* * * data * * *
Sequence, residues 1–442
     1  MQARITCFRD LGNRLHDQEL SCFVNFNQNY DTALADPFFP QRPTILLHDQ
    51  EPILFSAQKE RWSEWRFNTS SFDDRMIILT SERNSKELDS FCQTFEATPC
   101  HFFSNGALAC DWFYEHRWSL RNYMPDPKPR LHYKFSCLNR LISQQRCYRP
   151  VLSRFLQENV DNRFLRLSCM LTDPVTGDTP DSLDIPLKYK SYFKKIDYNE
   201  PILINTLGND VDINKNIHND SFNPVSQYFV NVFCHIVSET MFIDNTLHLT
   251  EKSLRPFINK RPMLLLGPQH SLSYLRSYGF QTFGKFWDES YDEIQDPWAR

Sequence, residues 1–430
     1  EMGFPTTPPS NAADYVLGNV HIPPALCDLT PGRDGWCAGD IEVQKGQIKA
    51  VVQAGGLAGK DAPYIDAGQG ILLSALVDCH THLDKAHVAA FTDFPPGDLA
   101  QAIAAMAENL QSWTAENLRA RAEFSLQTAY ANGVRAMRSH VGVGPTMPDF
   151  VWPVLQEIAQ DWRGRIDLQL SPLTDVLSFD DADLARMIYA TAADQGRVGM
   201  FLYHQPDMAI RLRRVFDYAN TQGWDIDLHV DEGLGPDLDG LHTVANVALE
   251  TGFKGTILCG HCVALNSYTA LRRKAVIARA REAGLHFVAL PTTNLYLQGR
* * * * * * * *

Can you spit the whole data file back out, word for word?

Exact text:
Sequence, residues 1–442
     1  MQARITCFRD LGNRLHDQEL SCFVNFNQNY DTALADPFFP QRPTILLHDQ
    51  EPILFSAQKE RWSEWRFNTS SFDDRMIILT SERNSKELDS FCQTFEATPC
   101  HFFSNGALAC DWFYEHRWSL RNYMPDPKPR LHYKFSCLNR LISQQRCYRP
   151  VLSRFLQENV DNRFLRLSCM LTDPVTGDTP DSLDIPLKYK SYFKKIDYNE
   201  PILINTLGND VDINKNIHND SFNPVSQYFV NVFCHIVSET MFIDNTLHLT
   251  EKSLRPFINK RPMLLLGPQH SLSYLRSYGF QTFGKFWDES YDEIQDPWAR

Sequence, residues 1–430
     1  EMGFPTTPPS NAADYVLGNV HIPPALCDLT PGRDGWCAGD IEVQKGQIKA
    51  VVQAGGLAGK DAPYIDAGQG ILLSALVDCH THLDKAHVAA FTDFPPGDLA
   101  QAIAAMAENL QSWTAENLRA RAEFSLQTAY ANGVRAMRSH VGVGPTMPDF
   151  VWPVLQEIAQ DWRGRIDLQL SPLTDVLSFD DADLARMIYA TAADQGRVGM
   201  FLYHQPDMAI RLRRVFDYAN TQGWDIDLHV DEGLGPDLDG LHTVANVALE
   251  TGFKGTILCG HCVALNSYTA LRRKAVIARA REAGLHFVAL PTTNLYLQGR